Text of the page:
It's OK to not be passionate about your job
It's OK to not be passionate about your job
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The world has some career advice for you: Find a job you're passionate about.
Whether you're graduating from college or changing fields, this is the commonly shared "secret" to sidestepping a dull career or prevailing in a difficult industry. But is it really that easy?
In her book, The Trouble With Passion: How Searching for Fulfillment at Work Fosters Inequality, sociologist Erin A. Cech says maybe not. She shares new research on what she calls the "passion principle" — the idea that you should pursue passion in your career, before fair compensation or job security.
There's nothing wrong with finding fulfillment at work. But passion goes further than that. It's loaded with the expectation that you'll do whatever it takes for your career, which Cech says can lead to exploitation and inequality in the workplace.
We talked to Cech about why passion is valued so highly in the workforce and how pursuing it is more complicated than simply "loving what you do."
Passion hasn't always been a priority
Prioritizing passion is a relatively new concept when it comes to job searching. In the 1940s and '50s, career advice centered around stability, and workers were encouraged to land positions that would support them and their families. But during the 1970s, '80s and '90s, self-expression overtook stability as the main motivator.
At the same time, Cech says, work also became "more precarious." Industries known for long-term, stable employment outsourced their labor abroad. Now, workers don't stay at one company for decades anymore. Careers are out; gigs are in. In response to the instability of the job market, college-educated workers began circling around the idea that passion should fuel workers, not job security.
When we praise passion, we reward privilege
In 2005, Steve Jobs, then Apple's CEO, underscored the role of passion in work when he gave a commencement speech at Stanford University. "The only way to do great work is to love what you do," he said. "If you haven't found it yet, keep looking. Don't settle."
Jobs, as well as many of his peers, famously followed their passions by dropping out of college and pursuing business ideas that changed their industries and made them wildly wealthy. Their stories make pursuing passion feel not just romantic, but destined.
But finding success after following your passion is hardly guaranteed.
"The stories of the Mark Zuckerbergs and Steve Jobs have cultural relevance because they are success stories," Cech says. We don't hear the stories of the people who followed their passions and weren't successful.
Low-income or first-generation college students are much less likely to have the financial safety nets or the springboards from their social networks to translate the things that they love into employment that both aligns with their passion and draws a decent salary, says Cech.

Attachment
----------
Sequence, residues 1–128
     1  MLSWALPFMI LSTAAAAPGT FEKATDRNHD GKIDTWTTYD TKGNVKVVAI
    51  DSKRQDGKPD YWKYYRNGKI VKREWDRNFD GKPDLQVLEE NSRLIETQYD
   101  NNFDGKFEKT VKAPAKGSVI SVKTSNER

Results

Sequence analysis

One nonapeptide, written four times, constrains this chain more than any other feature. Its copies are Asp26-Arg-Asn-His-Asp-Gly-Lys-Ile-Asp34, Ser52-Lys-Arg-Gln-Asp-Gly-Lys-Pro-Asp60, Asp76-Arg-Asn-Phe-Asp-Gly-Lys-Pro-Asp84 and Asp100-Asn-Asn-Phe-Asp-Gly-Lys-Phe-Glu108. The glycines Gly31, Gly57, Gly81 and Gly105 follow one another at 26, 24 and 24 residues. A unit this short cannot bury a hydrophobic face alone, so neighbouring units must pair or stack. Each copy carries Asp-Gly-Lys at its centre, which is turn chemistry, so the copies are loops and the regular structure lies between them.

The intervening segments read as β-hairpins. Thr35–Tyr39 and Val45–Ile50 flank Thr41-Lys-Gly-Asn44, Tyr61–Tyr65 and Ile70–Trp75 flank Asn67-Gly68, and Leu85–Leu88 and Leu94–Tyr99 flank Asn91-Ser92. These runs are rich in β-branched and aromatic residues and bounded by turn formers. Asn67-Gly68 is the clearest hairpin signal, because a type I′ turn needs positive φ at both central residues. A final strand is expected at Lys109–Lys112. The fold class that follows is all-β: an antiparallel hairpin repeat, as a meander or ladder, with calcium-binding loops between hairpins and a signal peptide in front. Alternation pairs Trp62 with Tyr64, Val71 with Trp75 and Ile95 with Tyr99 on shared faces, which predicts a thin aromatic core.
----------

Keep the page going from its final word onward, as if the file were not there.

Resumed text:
Based on her research, people from wealthier families are more likely to be employed in jobs that speak to their passions and are stable, compared with people from less wealthy backgrounds.
Employers can take advantage of workers who work for passion
"People motivated by passion first are more likely to work harder than people who aren't personally invested in their work. But they aren't necessarily paid any more," says Cech.
Sometimes, this lack of compensation is by design. The reason why many employers want to hire people who are passionate about their work is not only because they think they'll be hard workers, Cech says, but because "they expect that people who are passionate about their work will put in more work without demanding an increase in pay."
Pushing passion doesn't actually guarantee better work
People who work in education, health care, social work, journalism, nonprofits and other fields that prioritize passion are known for their long hours and their devotion to a shared mission.
But conflating passion with working overtime can lead to outcomes that erode that very mission: burnout, resentment, resignation.
If you're a teacher, "it's one thing to be kind, considerate, helpful and attentive to a child. And it's another thing to perform that work as though that's the soul or core piece of one's identity," says Cech.
Untangling your sense of dedication from the number of extra hours you put into the job can actually be good for you, your boss and your team in the long run.
"When we give workers more rest, more control over their schedule, more vacation time, they're actually more productive, they're more resilient, they're more creative," says Cech.
"It's actually not to an organization's benefit to demand this culture of overwork all the time, even though there seems to be a logical connection between expectations of passion and productivity."
You don't have to nurture your passions through work
Reminder: Passion wasn't always a priority for workers. If you don't feel personally fulfilled by your job, it doesn't mean you're incapable of performing it well. And it doesn't mean you can't live a happy life, full of fulfillment beyond your career.
Cech calls this "diversifying your meaning-making portfolio."
Instead of drawing all your passion from one place, ask yourself: What are the things that excite me outside of paid employment? How can I invest time, energy and attention in cultivating passion in that space?
The podcast portion of this story was produced by Sylvie Douglis.
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